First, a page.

- Drug Task Force Busts Suspected Eureka/Hoopa Fentanyl Ring, Which They Believe Led to Several Overdoses — Including That of a 13-Year-Old — in the Valley
Press release from the Hoopa Valley Tribe:
The Hoopa Valley Tribal Court has issued an order excluding Warren “Pops” Sloan IV from the exterior boundaries of the Hoopa Valley Indian Reservation. The order took effect on August 19, 2021, and was issued in response to a petition filed by Chairman Joe Davis and the Hoopa Valley Tribal Council.
The exclusion of Sloan from the Reservation is part of the Tribe’s larger effort to address the issue of dangerous drugs, including fentanyl, being sold in Hoopa. Sloan, a 24-year-old tribal member, has been implicated in drug-dealing that led to the tragic deaths of two Hoopa youths. Both Stephanie Lewis, 19, and Mercidez Mosier, 20, died from apparent overdoses caused by fentanyl pills that are believed to have originated from Sloan.
The Humboldt County Drug Task Force, with the assistance of the Hoopa Valley Tribal Police Department, has been investigating Sloan because of his connection to these tragic overdoses as well as his association with known fentanyl dealers. As part of that ongoing investigation, Drug Task Force officers observed Sloan in Willow Creek attempting to purchase a large quantity of fentanyl pills known as “perc30.” These opioid street drugs are extremely dangerous and Chairman Davis and the Tribal Council are committed to removing them from the community.
Before issuing its order, the Hoopa Valley Tribal Court held a telephonic hearing attended by Hoopa tribal leaders and witnesses who were ready to provide testimony. During the hearing, Sloan stated that he opposed exclusion and asked for time to obtain an attorney. The Tribal Court decided an immediate exclusion order was warranted but agreed to hold another hearing on September 16, 2021, at which point it will determine whether any modifications to the exclusion order are appropriate.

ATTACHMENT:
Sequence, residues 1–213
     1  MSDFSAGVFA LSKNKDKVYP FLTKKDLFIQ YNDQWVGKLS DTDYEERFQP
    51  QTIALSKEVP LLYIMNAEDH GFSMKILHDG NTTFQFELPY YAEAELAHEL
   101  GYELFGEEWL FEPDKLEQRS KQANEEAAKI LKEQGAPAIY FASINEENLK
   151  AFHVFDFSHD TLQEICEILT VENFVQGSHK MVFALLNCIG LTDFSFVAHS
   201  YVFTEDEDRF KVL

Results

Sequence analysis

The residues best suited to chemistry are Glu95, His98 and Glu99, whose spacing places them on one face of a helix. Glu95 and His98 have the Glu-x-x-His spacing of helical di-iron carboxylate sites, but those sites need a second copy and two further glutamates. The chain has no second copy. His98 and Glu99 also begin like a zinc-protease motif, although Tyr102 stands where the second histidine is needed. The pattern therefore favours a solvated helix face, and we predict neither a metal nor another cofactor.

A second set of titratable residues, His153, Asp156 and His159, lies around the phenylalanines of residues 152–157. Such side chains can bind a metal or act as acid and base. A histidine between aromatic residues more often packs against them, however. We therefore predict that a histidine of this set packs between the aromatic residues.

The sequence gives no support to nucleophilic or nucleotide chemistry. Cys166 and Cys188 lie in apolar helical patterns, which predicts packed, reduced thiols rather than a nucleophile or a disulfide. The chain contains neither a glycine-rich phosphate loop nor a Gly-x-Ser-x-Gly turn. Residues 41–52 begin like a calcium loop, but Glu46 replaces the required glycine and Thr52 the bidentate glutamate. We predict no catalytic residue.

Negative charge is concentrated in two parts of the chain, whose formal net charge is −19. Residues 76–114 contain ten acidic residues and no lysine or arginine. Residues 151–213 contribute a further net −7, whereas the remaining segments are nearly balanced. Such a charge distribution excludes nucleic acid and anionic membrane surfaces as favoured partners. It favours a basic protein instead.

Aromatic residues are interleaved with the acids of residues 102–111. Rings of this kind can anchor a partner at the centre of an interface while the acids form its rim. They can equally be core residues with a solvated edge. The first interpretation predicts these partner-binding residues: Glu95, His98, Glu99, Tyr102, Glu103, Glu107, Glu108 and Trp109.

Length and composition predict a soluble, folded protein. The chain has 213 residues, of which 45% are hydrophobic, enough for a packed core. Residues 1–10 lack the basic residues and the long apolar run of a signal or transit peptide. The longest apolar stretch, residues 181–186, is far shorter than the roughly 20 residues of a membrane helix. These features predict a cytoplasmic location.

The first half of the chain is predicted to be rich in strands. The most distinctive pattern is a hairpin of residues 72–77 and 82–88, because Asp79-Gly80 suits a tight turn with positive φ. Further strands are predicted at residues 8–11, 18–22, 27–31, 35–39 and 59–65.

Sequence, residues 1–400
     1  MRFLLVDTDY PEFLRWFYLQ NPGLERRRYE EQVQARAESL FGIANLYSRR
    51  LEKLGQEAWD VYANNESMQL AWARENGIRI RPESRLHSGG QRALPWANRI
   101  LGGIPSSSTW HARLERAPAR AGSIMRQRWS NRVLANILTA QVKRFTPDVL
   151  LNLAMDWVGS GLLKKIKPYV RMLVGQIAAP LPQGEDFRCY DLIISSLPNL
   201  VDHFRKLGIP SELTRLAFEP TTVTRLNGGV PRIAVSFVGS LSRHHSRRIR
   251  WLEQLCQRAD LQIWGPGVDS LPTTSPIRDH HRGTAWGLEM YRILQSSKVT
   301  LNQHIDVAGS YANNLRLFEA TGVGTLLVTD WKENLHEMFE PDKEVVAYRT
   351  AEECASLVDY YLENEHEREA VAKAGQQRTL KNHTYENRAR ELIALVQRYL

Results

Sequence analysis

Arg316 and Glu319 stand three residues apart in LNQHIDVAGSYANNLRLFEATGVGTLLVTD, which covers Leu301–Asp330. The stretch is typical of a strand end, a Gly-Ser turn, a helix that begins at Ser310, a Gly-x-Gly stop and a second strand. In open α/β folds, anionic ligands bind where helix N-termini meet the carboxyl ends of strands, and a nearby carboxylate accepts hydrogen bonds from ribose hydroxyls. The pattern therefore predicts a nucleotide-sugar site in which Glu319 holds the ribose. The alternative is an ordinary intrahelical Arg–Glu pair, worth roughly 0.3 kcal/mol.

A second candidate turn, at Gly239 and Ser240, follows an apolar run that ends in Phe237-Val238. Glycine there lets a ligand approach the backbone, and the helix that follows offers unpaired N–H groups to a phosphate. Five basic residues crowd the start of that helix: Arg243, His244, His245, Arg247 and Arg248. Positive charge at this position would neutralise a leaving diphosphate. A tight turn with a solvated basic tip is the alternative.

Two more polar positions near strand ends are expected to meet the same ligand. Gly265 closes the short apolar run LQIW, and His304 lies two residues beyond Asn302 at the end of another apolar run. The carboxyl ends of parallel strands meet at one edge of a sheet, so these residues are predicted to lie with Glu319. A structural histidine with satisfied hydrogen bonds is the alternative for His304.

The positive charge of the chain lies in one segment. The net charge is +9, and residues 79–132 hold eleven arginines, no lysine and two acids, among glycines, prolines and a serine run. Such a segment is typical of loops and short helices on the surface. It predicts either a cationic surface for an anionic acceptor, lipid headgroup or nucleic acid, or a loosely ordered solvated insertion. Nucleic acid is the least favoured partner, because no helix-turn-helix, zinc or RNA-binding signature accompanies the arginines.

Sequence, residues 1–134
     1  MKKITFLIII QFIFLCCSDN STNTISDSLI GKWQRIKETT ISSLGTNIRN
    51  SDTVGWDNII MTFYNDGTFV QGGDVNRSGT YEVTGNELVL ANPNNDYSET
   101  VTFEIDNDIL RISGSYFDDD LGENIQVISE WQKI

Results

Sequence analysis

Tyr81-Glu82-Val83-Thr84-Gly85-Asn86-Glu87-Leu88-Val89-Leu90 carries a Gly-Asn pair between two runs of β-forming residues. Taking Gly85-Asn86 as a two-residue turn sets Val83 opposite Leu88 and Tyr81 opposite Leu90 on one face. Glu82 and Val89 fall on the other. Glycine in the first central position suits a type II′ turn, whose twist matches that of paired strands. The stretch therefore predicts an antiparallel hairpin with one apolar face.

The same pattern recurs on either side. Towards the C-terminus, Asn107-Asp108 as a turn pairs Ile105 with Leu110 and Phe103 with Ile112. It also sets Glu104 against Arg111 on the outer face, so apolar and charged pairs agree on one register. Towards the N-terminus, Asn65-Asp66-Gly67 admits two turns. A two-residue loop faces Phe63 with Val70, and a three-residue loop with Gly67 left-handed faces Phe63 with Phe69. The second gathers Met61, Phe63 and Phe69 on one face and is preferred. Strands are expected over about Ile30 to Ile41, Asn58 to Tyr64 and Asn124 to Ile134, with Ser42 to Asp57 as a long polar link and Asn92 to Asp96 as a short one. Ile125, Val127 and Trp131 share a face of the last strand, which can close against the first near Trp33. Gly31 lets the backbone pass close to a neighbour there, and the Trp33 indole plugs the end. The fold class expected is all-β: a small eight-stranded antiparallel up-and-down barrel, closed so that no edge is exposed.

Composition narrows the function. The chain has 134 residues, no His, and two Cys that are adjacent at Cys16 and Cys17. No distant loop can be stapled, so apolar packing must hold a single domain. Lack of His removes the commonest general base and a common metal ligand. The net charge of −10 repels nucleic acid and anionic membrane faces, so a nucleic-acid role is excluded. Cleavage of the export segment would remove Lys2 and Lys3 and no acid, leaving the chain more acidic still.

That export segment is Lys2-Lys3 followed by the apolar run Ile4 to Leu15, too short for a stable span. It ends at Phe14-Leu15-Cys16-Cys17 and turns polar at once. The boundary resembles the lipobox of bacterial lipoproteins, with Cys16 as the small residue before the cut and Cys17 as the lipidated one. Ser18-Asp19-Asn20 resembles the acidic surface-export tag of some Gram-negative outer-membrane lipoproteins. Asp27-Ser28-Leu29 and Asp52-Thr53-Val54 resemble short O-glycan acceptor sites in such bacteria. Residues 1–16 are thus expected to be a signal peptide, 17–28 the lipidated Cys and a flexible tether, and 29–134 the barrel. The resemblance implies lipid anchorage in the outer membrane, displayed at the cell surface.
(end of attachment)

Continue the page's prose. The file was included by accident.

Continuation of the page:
At the next hearing the Tribal Council will be urging that the exclusion order be kept in place.
“This is just one step in the process to accomplish our goals relating to drug abuse on the Reservation and in our Tribal Community” said Chairman Davis. “The Tribal Council wants everyone to know that we will no longer stand for it. More recommendations for exclusion will be heading to Tribal Court and we will be working hard to address the crisis that is our drug epidemic in many other ways. This will be a well rounded approach that will include efforts in: education, treatment, outreach, job opportunities, and addressing historical trauma, mental health, and poverty. We are thankful for the support of these efforts we have received from the Hoopa Community as well as the Humboldt County Drug Task Force.”